Apologising- Matching Apologies to Situations


Finding suitable apologies for different situations

By: Alex Case
Level: All Levels
Topic: General
Grammar Topic: Functions & Text

Match the apology and the situation

Instructions for teachers

Cut up the cards so that the situations (in italics) are still together in two columns but there are individual language cards. Students look at just the situations and brainstorm their own ideas for apologies for each one. They are then given the language cards to match to the situations. Different matches are possible, but there is probably only one way of matching them all. Give them each an uncut version to check their answers with, then do the activities at the bottom.


Cards to cut up/ Suggested answers


You kept someone who is phoning you on hold for a long time




“Sorry to keep you waiting.”


You are phoning someone again to ask another question


“Sorry to bother you again, but there’s one more thing I don’t understand”



You have arrived late at a restaurant




“Sorry I’m late. Have you been waiting long?”


You need someone to move so you can get off the train.




“Excuse me, can I just…”



You have spilt someone’s drink




“I’m terribly sorry. Let me buy you another one.”



You spilled your drink on your own clothes





A customer has just shown you a dirty spoon.




“I’m sorry sir; I’ll bring you a clean one right away.”



A waiter brought you the wrong food.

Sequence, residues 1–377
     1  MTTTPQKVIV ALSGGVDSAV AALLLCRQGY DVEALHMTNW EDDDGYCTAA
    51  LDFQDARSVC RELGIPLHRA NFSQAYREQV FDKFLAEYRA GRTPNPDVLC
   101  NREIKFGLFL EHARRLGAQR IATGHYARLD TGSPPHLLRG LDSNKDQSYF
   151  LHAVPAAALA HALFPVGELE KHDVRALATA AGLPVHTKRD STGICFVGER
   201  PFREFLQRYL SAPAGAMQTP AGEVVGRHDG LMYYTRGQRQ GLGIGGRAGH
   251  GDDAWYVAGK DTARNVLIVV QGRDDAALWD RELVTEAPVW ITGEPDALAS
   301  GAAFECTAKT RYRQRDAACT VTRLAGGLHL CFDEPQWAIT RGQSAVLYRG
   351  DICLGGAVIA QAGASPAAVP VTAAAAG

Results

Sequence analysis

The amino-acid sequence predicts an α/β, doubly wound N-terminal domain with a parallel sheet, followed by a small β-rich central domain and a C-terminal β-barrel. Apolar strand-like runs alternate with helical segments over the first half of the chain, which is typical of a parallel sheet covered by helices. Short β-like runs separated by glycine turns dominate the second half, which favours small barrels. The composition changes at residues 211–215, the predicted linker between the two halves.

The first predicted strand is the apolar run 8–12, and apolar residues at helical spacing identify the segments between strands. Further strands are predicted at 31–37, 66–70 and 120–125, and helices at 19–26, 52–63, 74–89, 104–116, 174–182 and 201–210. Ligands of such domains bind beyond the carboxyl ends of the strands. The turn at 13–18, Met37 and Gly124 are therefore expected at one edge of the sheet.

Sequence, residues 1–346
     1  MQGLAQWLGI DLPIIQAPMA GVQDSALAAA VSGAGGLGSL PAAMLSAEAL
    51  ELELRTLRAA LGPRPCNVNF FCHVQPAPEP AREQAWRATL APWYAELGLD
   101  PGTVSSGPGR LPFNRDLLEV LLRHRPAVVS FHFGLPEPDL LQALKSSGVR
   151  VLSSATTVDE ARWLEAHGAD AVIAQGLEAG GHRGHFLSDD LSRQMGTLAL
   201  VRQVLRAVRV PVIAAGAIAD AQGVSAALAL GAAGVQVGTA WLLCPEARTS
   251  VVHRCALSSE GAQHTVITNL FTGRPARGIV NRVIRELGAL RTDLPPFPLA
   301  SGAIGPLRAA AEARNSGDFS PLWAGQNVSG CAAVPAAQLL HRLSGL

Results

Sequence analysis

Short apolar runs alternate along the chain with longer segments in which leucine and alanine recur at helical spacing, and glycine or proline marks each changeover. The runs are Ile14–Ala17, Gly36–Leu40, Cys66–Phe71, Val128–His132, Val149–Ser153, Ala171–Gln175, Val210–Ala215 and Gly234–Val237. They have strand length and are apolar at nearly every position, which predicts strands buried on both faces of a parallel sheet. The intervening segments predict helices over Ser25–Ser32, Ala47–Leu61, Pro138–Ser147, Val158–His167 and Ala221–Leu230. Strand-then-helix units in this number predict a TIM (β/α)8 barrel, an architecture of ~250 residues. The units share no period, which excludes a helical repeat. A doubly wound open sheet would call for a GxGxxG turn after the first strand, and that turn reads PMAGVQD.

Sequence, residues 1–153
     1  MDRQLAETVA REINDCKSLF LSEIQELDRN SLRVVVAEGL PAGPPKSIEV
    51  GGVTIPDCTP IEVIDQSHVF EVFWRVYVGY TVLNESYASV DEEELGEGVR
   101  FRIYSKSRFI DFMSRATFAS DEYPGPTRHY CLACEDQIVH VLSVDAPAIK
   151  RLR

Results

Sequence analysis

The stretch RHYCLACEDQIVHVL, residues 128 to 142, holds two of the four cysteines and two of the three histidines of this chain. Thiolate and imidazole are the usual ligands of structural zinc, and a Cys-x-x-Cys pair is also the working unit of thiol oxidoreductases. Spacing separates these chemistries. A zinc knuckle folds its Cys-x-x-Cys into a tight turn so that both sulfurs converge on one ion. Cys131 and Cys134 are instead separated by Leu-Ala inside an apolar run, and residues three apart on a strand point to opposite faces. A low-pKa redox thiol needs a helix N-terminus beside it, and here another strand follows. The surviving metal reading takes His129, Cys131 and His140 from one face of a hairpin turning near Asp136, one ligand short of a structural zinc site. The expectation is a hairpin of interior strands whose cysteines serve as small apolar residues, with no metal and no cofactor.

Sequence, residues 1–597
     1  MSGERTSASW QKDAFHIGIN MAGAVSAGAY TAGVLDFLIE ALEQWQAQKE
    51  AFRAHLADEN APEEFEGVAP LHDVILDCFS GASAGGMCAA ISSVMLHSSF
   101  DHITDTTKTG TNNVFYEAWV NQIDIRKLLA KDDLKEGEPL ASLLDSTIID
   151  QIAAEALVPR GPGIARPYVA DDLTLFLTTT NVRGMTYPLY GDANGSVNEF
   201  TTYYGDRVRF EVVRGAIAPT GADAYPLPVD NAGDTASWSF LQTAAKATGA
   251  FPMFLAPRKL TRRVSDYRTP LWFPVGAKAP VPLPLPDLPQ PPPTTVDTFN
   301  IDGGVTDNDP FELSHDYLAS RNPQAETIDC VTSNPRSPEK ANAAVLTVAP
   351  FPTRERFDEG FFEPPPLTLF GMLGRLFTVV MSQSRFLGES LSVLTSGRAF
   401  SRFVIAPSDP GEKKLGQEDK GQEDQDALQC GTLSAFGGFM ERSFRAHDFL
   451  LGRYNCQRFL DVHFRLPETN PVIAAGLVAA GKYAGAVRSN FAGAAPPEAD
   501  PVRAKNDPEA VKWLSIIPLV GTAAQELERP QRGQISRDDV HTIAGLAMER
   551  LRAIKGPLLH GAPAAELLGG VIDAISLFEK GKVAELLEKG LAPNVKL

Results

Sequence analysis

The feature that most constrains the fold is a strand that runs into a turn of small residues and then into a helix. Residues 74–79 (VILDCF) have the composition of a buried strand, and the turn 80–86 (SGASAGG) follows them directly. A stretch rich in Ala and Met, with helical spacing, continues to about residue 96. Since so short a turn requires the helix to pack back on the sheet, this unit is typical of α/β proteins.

“I’m sorry, but this isn’t what I ordered.”



You have to tell someone their flight has been cancelled




“I regret to inform you that there has been a problem.”


You accidentally burp after a big meal



“Pardon me!”



You didn’t hear someone









You are trying to stop a stranger to ask for directions.




“Excuse me. Can you help me?”


Your wife has found out about your girlfriend





“There is no excuse for my actions.”



You are a child who has broken someone’s window



“I’ll never do it again, I promise!”


You are telling someone they are losing their job.





“I’m sorry to have to tell you that…”


You have eaten your friend’s chocolates


“I’m so sorry. I didn’t realise they were yours.”



You behaved badly when you were drunk last night.





“I’m afraid I’d had a little too much.”


You have just blown your nose in front of someone




“Sorry. I think I’ve caught a cold.”


Someone enters while you are on the phone





“Sorry, I’ll just be a minute.”



You see someone smoking where they shouldn’t



“I’m afraid that isn’t allowed here.”


Someone is speaking a language you don’t know



“I’m sorry. I can’t understand what you are saying.”



You didn’t follow someone’s instructions



“I’m sorry, I misunderstood.”


Language analysis

What things often follow apologies?


Find examples of those things above.


Practice activities

Use the phrases on the cards to start longer conversations.

Improvise your own conversations about the topics on the situation cards (without looking at the phrases on the other cards until you have finished).

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